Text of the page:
Hobby Lobby will return 3,800 illegally obtained ancient Near Eastern artifacts to Iraq, US Immigration and Customs Enforcement announced on Tuesday.
The news comes almost a year after the Department of Justice filed a civil action to force the Christian craft store chain to return the artifacts, which were designated for the Museum of the Bible, sponsored by Hobby Lobby CEO Steve Green.
“It is a great honor for me to return so many priceless cultural artifacts to the people of Iraq,” said acting ICE Director Thomas D. Homan in a statement earlier today, later adding, “This ceremony should serve as a powerful reminder that nobody is above the law.”
Hobby Lobby has always had something of a double role on the American landscape. On the one hand, it’s a wildly successful crafting chain. On the other hand, it’s an evangelical Christian behemoth that devotes a major portion of its income to promoting evangelical causes (including being at the forefront of a major Supreme Court case over contraception). Green’s efforts to use some of that Hobby Lobby fortune for the Museum of the Bible have reflected some of this ambiguity. The museum’s development as a whole has been characterized by tensions between academic and confessional aims. This latest legal decision is just another piece of the puzzle.
Hobby Lobby’s legal woes began last year
Between 2010 and 2011, Hobby Lobby acquired thousands of priceless ancient Near Eastern and biblical artifacts. However, the Justice Department alleged that Green and his team had failed to do due diligence when it came to the provenance of some of those items. Getting a clear sense of the chain of ownership of an artifact is considered vital not just because it helps ensure a given item’s authenticity. It also helps circumvent the antiquities black market, a major source of funds for terrorist groups like ISIS.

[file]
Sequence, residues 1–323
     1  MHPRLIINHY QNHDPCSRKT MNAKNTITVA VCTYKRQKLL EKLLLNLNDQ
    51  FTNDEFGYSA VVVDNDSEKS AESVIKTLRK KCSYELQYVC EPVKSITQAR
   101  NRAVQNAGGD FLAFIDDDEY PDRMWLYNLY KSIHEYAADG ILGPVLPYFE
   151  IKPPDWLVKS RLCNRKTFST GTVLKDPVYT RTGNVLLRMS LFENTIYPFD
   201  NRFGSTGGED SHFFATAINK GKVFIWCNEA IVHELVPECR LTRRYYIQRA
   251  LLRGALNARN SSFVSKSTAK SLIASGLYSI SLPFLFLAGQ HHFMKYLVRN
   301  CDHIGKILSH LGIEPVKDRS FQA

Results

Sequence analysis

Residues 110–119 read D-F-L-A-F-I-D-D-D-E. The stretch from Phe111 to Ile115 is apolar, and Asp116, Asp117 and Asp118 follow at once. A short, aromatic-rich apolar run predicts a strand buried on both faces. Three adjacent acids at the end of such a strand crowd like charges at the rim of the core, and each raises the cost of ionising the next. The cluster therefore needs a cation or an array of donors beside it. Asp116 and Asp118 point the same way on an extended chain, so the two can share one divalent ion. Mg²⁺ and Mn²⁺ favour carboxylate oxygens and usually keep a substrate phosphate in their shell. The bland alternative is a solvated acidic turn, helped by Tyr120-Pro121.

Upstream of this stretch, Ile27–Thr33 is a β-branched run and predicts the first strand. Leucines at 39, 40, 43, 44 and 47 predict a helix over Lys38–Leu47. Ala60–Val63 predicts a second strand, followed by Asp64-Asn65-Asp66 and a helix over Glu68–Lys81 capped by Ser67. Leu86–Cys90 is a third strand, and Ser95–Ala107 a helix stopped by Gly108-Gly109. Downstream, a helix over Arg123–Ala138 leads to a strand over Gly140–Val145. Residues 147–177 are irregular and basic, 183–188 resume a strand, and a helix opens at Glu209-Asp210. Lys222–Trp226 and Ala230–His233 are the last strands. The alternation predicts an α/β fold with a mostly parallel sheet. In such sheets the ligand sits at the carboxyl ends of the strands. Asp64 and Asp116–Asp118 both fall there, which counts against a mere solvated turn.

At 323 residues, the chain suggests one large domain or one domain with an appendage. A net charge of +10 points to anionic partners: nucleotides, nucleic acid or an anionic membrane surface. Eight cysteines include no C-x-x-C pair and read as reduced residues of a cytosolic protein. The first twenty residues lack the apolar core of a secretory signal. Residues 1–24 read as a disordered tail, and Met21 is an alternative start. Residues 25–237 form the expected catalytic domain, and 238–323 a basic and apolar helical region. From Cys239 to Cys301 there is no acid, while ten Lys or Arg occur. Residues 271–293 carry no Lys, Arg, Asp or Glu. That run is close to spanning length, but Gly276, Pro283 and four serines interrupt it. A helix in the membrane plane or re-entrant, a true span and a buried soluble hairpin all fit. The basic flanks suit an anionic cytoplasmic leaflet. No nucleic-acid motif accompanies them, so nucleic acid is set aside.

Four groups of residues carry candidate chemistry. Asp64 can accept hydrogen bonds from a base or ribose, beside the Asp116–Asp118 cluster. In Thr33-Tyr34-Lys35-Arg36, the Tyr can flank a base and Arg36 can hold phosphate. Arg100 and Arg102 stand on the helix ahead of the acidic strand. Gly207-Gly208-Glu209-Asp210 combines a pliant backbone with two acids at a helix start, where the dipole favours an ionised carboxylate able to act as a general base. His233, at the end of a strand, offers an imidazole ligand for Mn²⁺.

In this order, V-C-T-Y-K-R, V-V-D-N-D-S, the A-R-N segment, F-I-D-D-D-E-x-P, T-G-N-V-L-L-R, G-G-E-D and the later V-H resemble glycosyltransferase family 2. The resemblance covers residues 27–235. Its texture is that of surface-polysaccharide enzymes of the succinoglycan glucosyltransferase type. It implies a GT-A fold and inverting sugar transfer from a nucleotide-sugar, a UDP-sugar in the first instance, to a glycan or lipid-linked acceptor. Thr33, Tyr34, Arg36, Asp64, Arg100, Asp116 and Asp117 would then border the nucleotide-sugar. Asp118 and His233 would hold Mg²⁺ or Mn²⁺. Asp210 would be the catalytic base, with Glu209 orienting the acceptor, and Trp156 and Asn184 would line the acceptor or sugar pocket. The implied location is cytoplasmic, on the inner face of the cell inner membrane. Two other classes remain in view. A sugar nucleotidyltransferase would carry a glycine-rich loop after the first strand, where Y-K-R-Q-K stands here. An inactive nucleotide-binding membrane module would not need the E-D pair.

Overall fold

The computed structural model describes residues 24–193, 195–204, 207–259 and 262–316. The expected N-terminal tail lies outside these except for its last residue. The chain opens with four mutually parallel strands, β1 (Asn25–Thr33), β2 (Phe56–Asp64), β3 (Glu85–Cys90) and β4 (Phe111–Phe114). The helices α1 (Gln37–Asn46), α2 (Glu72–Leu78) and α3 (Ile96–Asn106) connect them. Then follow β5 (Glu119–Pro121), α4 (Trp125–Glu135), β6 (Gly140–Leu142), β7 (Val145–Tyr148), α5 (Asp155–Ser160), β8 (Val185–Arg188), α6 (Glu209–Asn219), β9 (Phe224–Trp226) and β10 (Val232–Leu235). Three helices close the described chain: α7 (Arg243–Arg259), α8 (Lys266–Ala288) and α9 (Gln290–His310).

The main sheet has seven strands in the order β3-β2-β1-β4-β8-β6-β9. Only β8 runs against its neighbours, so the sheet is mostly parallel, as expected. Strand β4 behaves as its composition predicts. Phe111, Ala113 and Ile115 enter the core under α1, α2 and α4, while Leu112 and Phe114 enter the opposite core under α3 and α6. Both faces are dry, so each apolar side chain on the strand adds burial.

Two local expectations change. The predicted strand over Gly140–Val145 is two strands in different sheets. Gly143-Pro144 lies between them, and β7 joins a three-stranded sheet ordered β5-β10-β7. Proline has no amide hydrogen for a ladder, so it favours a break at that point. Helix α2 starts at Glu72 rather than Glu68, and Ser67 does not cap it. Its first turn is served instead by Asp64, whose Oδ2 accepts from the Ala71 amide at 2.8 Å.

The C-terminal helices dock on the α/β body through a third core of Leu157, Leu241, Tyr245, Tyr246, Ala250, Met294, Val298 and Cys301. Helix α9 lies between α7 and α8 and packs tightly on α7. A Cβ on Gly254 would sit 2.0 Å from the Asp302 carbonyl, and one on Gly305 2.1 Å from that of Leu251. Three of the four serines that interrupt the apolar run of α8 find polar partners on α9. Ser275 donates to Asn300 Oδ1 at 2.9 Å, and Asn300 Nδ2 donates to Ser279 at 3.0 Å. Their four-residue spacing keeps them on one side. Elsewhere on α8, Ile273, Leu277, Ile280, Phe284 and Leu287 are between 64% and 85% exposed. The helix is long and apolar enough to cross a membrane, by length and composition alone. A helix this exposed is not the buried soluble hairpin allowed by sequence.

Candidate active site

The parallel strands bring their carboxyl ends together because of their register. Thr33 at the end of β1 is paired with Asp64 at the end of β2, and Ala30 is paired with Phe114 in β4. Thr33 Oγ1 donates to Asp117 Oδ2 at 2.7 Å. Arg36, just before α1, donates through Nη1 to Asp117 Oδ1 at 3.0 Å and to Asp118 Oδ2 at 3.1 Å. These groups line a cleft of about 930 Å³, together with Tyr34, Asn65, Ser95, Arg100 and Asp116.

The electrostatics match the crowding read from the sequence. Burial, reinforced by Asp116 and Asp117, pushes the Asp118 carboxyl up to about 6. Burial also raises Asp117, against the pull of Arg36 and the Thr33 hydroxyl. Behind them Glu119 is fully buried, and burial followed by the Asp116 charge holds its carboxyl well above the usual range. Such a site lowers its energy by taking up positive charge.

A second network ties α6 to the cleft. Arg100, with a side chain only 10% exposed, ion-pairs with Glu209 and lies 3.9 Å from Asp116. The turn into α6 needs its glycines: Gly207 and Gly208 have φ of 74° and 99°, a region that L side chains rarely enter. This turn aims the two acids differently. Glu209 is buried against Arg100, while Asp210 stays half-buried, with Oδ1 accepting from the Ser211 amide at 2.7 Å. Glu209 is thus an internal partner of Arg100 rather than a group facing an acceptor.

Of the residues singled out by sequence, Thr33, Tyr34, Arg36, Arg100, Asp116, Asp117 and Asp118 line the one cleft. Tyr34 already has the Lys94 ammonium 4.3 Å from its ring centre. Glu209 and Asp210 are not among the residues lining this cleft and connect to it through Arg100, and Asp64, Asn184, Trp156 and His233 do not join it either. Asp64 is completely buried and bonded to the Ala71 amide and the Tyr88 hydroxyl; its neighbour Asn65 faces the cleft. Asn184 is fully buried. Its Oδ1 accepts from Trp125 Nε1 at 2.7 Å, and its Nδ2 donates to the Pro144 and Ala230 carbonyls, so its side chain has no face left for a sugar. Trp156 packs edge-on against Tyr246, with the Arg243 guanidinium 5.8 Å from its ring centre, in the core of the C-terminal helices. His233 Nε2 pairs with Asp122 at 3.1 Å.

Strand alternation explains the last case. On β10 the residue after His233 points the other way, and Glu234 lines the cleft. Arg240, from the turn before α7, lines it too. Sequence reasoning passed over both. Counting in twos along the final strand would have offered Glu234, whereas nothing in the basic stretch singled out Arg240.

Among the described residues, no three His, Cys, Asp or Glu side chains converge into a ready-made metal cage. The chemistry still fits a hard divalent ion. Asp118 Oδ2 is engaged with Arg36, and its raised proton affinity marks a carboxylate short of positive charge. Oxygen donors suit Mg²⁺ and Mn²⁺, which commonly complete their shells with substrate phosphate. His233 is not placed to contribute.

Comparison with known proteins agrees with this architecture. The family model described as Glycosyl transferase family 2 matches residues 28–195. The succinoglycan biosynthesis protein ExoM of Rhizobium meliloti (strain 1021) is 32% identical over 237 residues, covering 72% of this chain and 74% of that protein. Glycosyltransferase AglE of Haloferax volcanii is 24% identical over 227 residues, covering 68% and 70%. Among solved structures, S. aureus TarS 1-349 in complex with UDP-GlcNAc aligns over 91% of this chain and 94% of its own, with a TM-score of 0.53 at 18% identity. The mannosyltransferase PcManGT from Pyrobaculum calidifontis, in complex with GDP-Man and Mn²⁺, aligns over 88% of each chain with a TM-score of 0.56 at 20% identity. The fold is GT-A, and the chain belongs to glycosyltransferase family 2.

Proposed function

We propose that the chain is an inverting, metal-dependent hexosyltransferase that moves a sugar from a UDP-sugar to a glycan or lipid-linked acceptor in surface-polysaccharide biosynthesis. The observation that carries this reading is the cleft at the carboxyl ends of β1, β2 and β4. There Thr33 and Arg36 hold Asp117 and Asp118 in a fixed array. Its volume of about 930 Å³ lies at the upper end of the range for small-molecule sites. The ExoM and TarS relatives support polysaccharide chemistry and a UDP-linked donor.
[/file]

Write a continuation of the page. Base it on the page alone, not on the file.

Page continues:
After the DOJ filed a suit last summer, Hobby Lobby apologized for its actions, saying, “The Company was new to the world of acquiring these items, and did not fully appreciate the complexities of the acquisitions process. This resulted in some regrettable mistakes.” It has not made an additional statement since ICE ordered the return of the items.
That said, Hobby Lobby seems to have gone to great lengths to conceal the means by which it acquires items. When the company attempted to import the items to the United States, it did so without identifying their contents. Items were shipped to Hobby Lobby headquarters and misleadingly labeled “sample tiles.”
The Museum of the Bible has attracted controversy over its methods
More broadly, Hobby Lobby’s at times unscholarly methods, and the methods of the team behind the Museum of the Bible, have frequently caused controversy. (A full account is given in the book Bible Nation by Joel Baden and Candida Moss, which tracks, among other things, how the museum funded often unqualified scholars — and sometimes even undergraduates — to do highly specialized translation work, and actively withheld information about its holdings from secular scholars.)
As I have written previously, the museum started with a straightforward evangelicalization mission — early ideas for the museum included pamphleteers exhorting visitors to accept Christ as their lord and savior. It’s since taken on a more ecumenical, academically focused approach. And since 2011, the Museum of the Bible has replaced its unorthodox director, Steve Carroll — who once appalled scholars by dissolving a mummy’s wrapping in Palmolive oil — with the rather more reputable New Testament scholar David Trobisch.
Perhaps ironically, the Iraqi artifacts — most of which seem to be administrative records from a not-yet-located Sumerian city known as Irisagrig — would have added little to the Bible Museum’s collection. The museum’s holdings, including early printed Bibles and (potentially forged) Dead Sea Scrolls, generally focus on the Bible’s creation, spread, and influence, and deal less extensively with the ancient Israelites’ relationship with other ancient Near Eastern civilizations.
Yet the fact that scholars know so little about Irisagrig (including its location) makes the pieces exceptionally valuable and worthy of study. (The lack of scholarly information about Irisagrig, furthermore, bolsters the chances that the artifacts were from a looted site rather than a legitimate excavation.) The pieces, in other words, may be of even more scholarly importance than many of the Bible Museum’s holdings. Certainly, they deserve to be studied and displayed in a museum.
Just maybe not this one.